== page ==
U.S. Rep. Seth Moulton has expanded efforts to reform at-sea monitoring for groundfishing vessels, corralling a regional and bipartisan group of federal legislators to urge NOAA to accept changes already approved by the New England Fisheries Management Council and supported by NOAA Regional Administrator John Bullard.

Moulton and 16 other members of Congress — totaling 12 Democrats, four Republicans and one Independent from five New England states — wrote to NOAA Administrator Kathleen D. Sullivan expressing support for the council motions approved in December and again voicing their opposition to the National Oceanic and Atmospheric Administration’s plans to transfer at-sea monitoring (ASM) costs to permit holders sometime early this year.

Those costs are estimated at about $710 per day per vessel with monitor coverage.

“We have requested that your agency utilize authority provided by Congress through the Fiscal Year 2015 Appropriations process to cover such expenses in fishing year 2015 and continue to strongly support the deferment of ASM costs to the industry until these program reforms are fully implemented,” the legislators wrote to Sullivan.

The letter, sent Friday, represents the broadest congressional reach on the issue to date and reflects Moulton’s emergence as a leading congressional ally in the fishing industry’s effort to recast the monitoring program into a more efficient and economical operation.

“We felt we needed to educate a broader group of leaders across the region and here in Washington,” Moulton, the first-term Democrat representing Massachusetts’ Sixth Congressional District that includes Cape Ann, said Friday of the monthlong work that went into drafting the letter and convincing the other legislators to sign on.

The letter commended Bullard for supporting the council’s monitoring reform motions and then laid out in detail the council’s votes on separate elements that combined would “substantially improve the (ASM) program for groundfish sectors beginning in fishing year 2016.”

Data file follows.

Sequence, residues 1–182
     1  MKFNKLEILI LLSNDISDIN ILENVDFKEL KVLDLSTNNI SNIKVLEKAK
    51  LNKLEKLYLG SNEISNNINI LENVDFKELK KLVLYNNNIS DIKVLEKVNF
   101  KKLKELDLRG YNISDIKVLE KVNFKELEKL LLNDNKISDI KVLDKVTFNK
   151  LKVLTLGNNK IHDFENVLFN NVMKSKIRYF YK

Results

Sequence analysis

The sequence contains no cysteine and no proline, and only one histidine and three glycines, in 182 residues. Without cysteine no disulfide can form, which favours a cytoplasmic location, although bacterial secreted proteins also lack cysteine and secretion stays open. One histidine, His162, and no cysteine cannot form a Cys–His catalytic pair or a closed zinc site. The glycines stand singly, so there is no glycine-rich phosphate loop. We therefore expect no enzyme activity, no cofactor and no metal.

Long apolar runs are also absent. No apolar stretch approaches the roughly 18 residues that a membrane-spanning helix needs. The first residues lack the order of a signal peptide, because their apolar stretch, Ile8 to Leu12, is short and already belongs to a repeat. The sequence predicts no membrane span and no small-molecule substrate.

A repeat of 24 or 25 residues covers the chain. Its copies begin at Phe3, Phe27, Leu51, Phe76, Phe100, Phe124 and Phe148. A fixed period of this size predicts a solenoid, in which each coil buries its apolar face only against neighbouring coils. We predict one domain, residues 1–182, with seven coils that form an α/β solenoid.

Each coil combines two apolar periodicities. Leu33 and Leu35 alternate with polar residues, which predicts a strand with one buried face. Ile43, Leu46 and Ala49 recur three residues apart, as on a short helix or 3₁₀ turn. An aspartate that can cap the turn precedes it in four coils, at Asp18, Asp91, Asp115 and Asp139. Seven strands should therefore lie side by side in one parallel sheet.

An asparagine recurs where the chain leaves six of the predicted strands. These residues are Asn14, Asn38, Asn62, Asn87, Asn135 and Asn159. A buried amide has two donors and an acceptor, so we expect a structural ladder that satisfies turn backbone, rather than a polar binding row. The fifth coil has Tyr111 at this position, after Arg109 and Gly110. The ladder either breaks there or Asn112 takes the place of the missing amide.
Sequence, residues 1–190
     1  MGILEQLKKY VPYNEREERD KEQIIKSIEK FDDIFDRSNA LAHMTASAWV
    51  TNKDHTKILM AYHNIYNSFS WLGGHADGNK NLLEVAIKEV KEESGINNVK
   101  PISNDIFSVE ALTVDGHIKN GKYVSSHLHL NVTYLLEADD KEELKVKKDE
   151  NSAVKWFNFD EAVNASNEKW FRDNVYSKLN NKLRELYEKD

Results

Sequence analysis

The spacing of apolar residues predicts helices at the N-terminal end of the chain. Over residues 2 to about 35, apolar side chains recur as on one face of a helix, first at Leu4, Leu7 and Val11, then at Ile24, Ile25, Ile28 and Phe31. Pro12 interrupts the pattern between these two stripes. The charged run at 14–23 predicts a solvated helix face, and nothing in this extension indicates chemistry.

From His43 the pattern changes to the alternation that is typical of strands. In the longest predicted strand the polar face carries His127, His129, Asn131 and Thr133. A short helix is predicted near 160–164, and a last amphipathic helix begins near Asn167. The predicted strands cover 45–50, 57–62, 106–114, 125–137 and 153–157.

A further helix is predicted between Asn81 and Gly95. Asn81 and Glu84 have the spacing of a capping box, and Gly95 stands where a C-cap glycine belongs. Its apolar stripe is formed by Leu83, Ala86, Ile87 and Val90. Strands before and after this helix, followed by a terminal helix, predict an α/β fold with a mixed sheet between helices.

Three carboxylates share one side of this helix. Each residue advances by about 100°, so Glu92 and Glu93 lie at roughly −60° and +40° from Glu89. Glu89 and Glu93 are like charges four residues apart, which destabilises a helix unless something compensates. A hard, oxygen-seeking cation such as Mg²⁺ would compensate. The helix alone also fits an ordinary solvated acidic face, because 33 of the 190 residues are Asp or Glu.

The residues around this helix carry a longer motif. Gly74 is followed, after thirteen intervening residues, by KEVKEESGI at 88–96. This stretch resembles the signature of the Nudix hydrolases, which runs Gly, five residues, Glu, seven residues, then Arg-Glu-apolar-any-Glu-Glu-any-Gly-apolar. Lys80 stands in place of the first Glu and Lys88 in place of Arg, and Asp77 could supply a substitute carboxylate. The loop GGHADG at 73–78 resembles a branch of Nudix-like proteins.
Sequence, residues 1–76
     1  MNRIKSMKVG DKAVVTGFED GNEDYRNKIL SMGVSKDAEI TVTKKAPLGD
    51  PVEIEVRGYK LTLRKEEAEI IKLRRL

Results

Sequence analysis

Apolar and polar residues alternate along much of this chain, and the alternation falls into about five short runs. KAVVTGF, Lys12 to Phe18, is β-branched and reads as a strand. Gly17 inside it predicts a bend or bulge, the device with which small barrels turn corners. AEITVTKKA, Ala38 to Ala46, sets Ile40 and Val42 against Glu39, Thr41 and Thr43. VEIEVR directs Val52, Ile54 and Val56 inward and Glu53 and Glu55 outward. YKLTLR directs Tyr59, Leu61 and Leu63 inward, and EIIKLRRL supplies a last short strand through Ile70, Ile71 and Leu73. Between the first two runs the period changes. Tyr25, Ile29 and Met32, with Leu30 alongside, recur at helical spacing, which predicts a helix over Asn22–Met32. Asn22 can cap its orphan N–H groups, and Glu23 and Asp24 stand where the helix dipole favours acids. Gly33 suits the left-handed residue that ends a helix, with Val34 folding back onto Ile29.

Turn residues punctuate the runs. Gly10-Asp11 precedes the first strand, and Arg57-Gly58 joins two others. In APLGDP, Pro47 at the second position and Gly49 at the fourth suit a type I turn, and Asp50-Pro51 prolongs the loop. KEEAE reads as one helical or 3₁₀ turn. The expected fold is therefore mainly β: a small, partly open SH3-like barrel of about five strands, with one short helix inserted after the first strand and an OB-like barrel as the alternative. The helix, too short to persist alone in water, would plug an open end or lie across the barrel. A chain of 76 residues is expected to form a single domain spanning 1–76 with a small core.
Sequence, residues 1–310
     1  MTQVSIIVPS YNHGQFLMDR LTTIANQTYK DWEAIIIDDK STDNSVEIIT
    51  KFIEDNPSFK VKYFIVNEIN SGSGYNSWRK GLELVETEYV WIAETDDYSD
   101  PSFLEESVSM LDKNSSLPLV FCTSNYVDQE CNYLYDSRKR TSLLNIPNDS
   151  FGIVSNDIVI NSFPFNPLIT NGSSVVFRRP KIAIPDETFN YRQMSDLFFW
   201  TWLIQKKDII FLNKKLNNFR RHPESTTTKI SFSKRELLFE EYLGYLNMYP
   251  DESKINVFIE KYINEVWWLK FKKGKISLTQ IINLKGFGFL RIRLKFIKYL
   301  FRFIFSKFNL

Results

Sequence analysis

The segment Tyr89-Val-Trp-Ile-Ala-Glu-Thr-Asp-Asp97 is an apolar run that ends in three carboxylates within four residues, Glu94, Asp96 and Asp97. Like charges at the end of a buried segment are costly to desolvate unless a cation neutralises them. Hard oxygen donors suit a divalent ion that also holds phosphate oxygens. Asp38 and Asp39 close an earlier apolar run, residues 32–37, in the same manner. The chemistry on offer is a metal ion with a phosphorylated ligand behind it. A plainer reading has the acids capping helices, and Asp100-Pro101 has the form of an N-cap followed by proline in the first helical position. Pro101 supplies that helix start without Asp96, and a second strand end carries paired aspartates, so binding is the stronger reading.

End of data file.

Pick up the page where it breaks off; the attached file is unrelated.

Those motions, supported by industry stakeholders sought to bring more clarity to the monitoring program by verifying specific areas fished and the catch affected, as well as defining discards by species and gear type.

They still require NOAA’s approval before they can be enacted.

The legislators also issued their support for the council’s vote to use a multi-year approach when determining future coverage rates that could provide more consistent data and cut the current coverage rate — approximately 24 percent of groundfish vessel trips — to about 13 percent.

“NOAA Fisheries’ exclusive use of the most recent year of data to set annual coverage rates has resulted in significant rate variations that do not accurately reflect broader trends in the fishery,” the congressional legislators wrote to Sullivan.

The modifications to the methodology, they wrote, “will enhance the program’s cost efficiency, improve the science that determines ASM coverage rates and provide much needed stability for independent ASM providers and our fishermen.”

The legislators also supported the council vote to exempt extra-large mesh trips in southern New England and inshore Georges Bank from ASM coverage because of low levels of groundfish bycatch.

On Friday, Moulton said he has talked with NOAA officials about at-sea monitoring and other issues that affect the groundfish industry, speaking with Bullard as recently as that morning on several issues, and believes those exchanges are having a positive effect.

“It’s best to work collaboratively with all the constituents in this debate,” Moulton said. “We’ll get much more done with NOAA if we have a working relationship than just continually being at odds.”

The Northeast Seafood Coalition issued a statement in support of the efforts by Moulton and the other legislators to expand the conversation to a regional level.

“NSC truly appreciates the exceptional region-wide support from our congressional representatives for the policy and analytical improvements to the ASM program recently adopted by the New England Fishery Management Council with the support of GARFO Administrator John Bullard,” NSC Executive Director Jackie Odell said in a statement. “We are particularly thankful to Congressman Moulton for his leadership in spearheading this very important letter to NOAA Administrator Sullivan.”

Besides Moulton, the letter was signed by Massachusetts Reps. William R. Keating, Michael E. Capuano and Stephen A. Lynch, as well as Sen. Elizabeth Warren. Sen. Edward Markey did not sign the letter, but issued his own letter to Sullivan that closely mirrored the regional group’s letter.

That group includes members of congressional delegations from New Hampshire (Rep. Frank Guinta and Sens. Jeanne Shaheen and Kelly A. Ayotte), Maine (Reps. Bruce Poliquin and Chellie Pingree, as well as Sens. Angus S. King Jr. and Susan M. Collins), Connecticut (Rep. Joe Courtney and Sens. Christopher S. Murphy and Richard Blumenthal) and Rhode Island (Sens. Sheldon Whitehouse and Jack Reed).

Contact Sean Horgan at 978-675-2714, or shorgan@gloucestertimes.com. Follow him on Twitter at @SeanGDT

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